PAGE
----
Thursday, March 15, 2012

Yeah But

Any reply that starts with "Yeah, but..." isn't likely to agree with what was just said.

In my travels working as a consultant I've been part of more than a few conversations debating using Revit or even the broader notion of BIM (Building Information Modelling). That said, I have been fortunate that the ultimate decision to do so has already been made, most of the time. I don't sell the software so I don't really get involved in "sales calls". My focus has always been on the practical stuff, helping people become capable, confident, self-sufficient and moving on. The BIG decision has already been made, to use Revit or not.

What if you haven't yet? Are you even empowered to do so? You've probably heard it before but you don't get permission to take the initiative.

Part of the process is analytical. It isn't easy to decide, it's risky, costly, confusing and even scary. So you build a spreadsheet and make projections. You guess a little, you study a ask friends and colleagues. Part of the process is emotional. It is easy to decide. You either believe intuitively that it is the right thing to do or you don't.

For me it was emotional first. I downloaded Revit 1.0 and felt something between "ah ha" and hallelujah. I knew I couldn't convince my employer to dig in at the time. We were still going through the AutoCAD or Microstation debate, as in "Which is better "A" or "M". Looking back that conversation seems like comparing two sides of the "same coin". I did the next best thing I could muster, found other project opportunities to use it for until I could make a stronger case for it at work. I don't think of myself as being particularly patient but again looking back apparently I was in this case, it took two more years to get that chance. Working on projects for education clients take time so they provided ample distractions during that time.

I took the emotional response and worked toward the analytical with practical results from real, small projects until I saw my chance to do a bigger real one. The purchase of Revit Technology Corporation by Autodesk helped sway the process by making Revit more real. I didn't build spreadsheets, no ROI graphs. I did work, created results and kept the firm leaders involved. They were pleased with the results and urged me to continue. Simple steps, forward motion...

I don't really like the acronym BIM, don't like saying it, how it sounds. I dont even think it truly encompasses the spirit of what we all think we want. Despite my misgivings, I have to admit that it has had a significant impact in a relatively short time. Consider that Archicad would love it if we all woke up tomorrow and gave them credit for doing it all years earlier. Ahead of their time, poorly marketed, not really the "right" solution?

I don't even care. If you do, keep in mind it's an endless debate with no practical outcome. The fact remains that until Revit and Autodesk's ability to focus resources on creating an obvious difference between what "we" are doing and what "we" ought to be doing...there had been little or no serious progress by any product attempting to solve problems in similar ways, not even their own other product.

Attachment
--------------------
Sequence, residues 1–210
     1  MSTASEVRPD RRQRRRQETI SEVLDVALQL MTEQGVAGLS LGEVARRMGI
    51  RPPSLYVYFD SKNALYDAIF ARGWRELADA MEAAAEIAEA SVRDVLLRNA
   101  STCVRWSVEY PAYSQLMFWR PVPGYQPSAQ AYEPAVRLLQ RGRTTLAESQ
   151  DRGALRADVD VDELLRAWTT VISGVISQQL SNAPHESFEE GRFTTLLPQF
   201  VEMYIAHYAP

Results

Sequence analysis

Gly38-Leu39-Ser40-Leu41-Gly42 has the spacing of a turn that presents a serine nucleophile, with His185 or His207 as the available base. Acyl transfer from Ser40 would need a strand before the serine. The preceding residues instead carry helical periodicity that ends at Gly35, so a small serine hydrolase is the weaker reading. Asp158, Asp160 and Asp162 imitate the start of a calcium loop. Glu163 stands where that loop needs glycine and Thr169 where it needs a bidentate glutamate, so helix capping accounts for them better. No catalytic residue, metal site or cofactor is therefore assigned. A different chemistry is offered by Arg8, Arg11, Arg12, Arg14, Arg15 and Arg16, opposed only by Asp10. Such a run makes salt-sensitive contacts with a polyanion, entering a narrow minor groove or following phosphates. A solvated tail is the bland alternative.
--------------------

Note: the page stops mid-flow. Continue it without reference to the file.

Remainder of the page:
If you've made the decision. Congratulations! You are moving forward.

If you haven't, are you responding with "Yeah, but...? Do your research, be responsible. Just keep in mind that you are not moving forward now. You may be getting work, busy, doing what you have always done. That might be okay for now. How long does "now" last though? How many other professions are still doing things the same way they were ten years ago? Are we immune?

I don't care which software you choose, (I do have a bias of course) just choose. If you don't like your choices, help make a better one. That's how Revit got started after all. You may not believe in the current solutions but we will definitely see more of "it" going forward and none of what we have already done. Don't delay or wait yourself into irrelevance.

Don't respond, "Yeah, but..." for too long.


Unknown said...

Well said.
I took a personal interest in Revit back at version 3, and started playing around with it and slowly learning what it was all about, and more importantly what it *could* potentially do. Let's face it, back then it couldn't do much.

Alas, I kept an eye on development and it was at version 5 that I introduced it to the company as a tool that could do fast 3D modelling for presentations, and basic floor plans and elevations. The documentation tools were young and sucked, but that was ok because it *could* do other things better.

So like you I applied it to what I thought it excelled at.
As the program evolved it was then rolled out in the company to those who could benefit from the toolset, until it reached a point in that it could benefit all.

You absolutely have to make a start *somewhere*, and progress from there. Fortunately, the decision is easier these days ;^)

Erik van eck said...

you are absolutely right.

ShawnF said...

Interesting. You are one of the only folks who have said "I don't care what you do, just do something."

Most folks who don't espouse to a Revit workflow or at least are dual-platform in their BIM processes are usually tarred and feathered as they don't follow the flock or do something different.

Nice to see this...

Valkin said...

great log right on the money